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Challenges Involved In Selling Your Hotel

JodyP 11 November 2019
Challenges Involved In Selling Your Hotel

By Matthew Hernon, Account Manager at Dynamis looking after Business Transfer Agents and Franchises across BusinessesForSale.com and FranchiseSales.com.

Selling a hotel may seem a daunting prospect, and there is no doubt it can be complex. But if you want things to go smoothly, the best solution is to plan your sale as early as possible. In fact, some leisure industry experts believe that, in a perfect world, your planning for an eventual sale should begin even before you make your initial purchase. Nevertheless, there are some particular pitfalls and challenges which could relate to any hotel sale. So, let’s have a look at these issues and some possible solutions.

Valuing the business

You should never consider engaging anyone other than a specialist valuer who is familiar with the hotel sector. Not only will this ensure the ‘industry standard’ valuation method is applied – which will probably be some multiple of your hotel profit – it will also give you priceless information about other aspects of the sale. These could include information to help inform the timing of your sale, as well as tips on how to maximise the value of your business before you move to list the property.

It is even possible you may learn of some potential alternative use of the premises, such as conversion to a care home etc, which may potentially increase its sale value beyond normal expectations. So this is no time to entrust the challenge of business valuation matters to a generalist.

Maintaining confidentiality

For any proposed sale to go well, your hotel business must remain fully operational during any period leading up to a sale. But staff, regular customers and contracted suppliers all tend to worry the moment they hear that a business is about to be sold. And it usually makes matters a lot worse if they only discover the news when it leaks out second hand. So the challenge is: how to publicise the sale without introducing an air of uncertainty which may affect staffing levels, future guest bookings and more.

The solution to this conundrum will depend to some extent on the nature of your plans, but certain measures may help to avoid, or at least limit, any potentially damaging rumours. First of all, you should appoint an experienced business broker to handle the sale. If you go for someone who specialises in hotels and leisure properties, their advice about handling this situation will prove invaluable.

Precisely how you approach the matter will depend on the detail – for example, on whether you wish to sell locally or anticipate selling to an international concern. Whatever your strategy, you maximise your chances of maintaining confidence if the various stakeholders hear the news direct from you. In addition, certain other measures, such as you agreeing to stay on for a fixed period after the sale, may serve to remove the threat of any particularly toxic outcomes once the news breaks.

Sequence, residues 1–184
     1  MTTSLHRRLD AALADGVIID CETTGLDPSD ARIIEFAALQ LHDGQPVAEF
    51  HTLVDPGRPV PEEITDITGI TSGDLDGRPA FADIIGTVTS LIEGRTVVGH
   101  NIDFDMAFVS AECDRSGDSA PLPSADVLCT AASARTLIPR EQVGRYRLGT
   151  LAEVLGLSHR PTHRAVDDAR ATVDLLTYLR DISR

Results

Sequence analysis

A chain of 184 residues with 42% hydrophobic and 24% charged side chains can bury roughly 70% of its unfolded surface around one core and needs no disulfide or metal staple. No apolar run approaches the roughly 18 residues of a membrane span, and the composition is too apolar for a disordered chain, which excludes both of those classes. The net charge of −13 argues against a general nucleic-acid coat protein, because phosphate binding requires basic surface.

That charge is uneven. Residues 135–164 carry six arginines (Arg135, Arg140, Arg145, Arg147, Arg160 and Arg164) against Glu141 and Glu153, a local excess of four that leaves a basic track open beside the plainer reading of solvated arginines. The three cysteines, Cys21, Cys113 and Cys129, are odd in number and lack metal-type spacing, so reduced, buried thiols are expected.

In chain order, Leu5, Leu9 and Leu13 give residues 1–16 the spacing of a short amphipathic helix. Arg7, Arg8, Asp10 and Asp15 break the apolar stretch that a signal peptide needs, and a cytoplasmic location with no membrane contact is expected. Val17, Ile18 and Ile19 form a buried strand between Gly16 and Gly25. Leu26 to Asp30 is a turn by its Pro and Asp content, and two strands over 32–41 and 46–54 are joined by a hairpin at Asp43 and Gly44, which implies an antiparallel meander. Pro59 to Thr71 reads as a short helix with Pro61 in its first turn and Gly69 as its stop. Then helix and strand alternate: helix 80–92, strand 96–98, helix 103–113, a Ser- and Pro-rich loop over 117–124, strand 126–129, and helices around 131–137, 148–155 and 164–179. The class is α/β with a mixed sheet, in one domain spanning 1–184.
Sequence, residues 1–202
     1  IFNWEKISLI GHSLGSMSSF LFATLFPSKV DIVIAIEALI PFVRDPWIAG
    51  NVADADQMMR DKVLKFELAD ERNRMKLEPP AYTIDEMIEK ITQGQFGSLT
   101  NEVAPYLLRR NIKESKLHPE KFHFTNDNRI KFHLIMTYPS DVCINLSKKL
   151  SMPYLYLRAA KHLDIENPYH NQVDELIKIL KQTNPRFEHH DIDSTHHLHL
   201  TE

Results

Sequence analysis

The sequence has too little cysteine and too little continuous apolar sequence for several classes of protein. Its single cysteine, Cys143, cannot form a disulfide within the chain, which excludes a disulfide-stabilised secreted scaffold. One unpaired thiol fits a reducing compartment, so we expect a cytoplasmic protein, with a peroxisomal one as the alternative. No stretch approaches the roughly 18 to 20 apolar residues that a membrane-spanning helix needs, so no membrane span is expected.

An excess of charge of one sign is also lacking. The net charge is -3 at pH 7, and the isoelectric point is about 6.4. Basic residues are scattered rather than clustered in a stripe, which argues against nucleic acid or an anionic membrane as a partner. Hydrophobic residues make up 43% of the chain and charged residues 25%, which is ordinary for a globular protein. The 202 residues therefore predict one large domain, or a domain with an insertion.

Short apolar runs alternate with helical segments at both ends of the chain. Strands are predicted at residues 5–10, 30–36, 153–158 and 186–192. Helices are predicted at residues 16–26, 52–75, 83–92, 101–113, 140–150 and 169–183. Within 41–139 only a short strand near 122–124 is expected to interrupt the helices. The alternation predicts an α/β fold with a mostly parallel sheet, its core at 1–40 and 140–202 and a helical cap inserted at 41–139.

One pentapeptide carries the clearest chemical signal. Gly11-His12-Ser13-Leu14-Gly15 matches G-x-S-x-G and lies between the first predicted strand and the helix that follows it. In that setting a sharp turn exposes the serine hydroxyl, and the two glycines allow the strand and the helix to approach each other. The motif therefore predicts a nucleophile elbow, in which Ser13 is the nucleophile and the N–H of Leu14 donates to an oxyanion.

Appointing an agent or business broker

As mentioned above, you should go for an intermediary who is a sector specialist. This is undoubtedly the best way to meet the challenge of selling your hotel as soon as possible and at the best price. If you plan to sell locally, then you should appoint on a local or regional basis, but if you clearly feel there are reasons to market your hotel to international buyers, then you should appoint a national or international agency who will advise on an appropriate strategy and have access to the type of contacts you will require.

Though it may seem practical to market your business far and wide, it’s rarely a good idea to appoint more than one intermediary. In fact a top class operator will usually insist on a sole agency deal in the first place. Joint agency arrangements can be subject to all kinds of misplaced priorities and misunderstandings. Worst of all, there is no one entity in overall control.

Finding a credible buyer

One vital task your broker/agent will perform is to undertake the challenge of selecting suitable buyers with a strong interest who can also afford the purchase price. This ability to filter and ‘pre-qualify’ interested buyers avoids the real risk of deals falling through and is the best way to ensure the eventual buyer who emerges from this process will be able to move on to negotiate a deal.

Negotiating a good price

One of the key challenges the buyer and seller can face is a disagreement on the final sale price. And from the seller’s point of view, it is vital that you are able to justify your asking price. The solution, of course, is to ensure you have a professional valuation (see above) to confirm the worth of your hotel. That document is a great way to clarify precisely why you have advertised at that price.